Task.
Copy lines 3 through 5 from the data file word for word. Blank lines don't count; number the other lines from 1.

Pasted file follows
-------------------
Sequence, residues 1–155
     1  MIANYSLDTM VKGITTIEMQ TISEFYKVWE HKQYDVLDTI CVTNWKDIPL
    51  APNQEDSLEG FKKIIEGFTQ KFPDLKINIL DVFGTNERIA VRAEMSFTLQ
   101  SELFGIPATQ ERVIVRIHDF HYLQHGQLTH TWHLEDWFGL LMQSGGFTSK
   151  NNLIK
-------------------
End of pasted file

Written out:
    51  APNQEDSLEG FKKIIEGFTQ KFPDLKINIL DVFGTNERIA VRAEMSFTLQ
   101  SELFGIPATQ ERVIVRIHDF HYLQHGQLTH TWHLEDWFGL LMQSGGFTSK
   151  NNLIK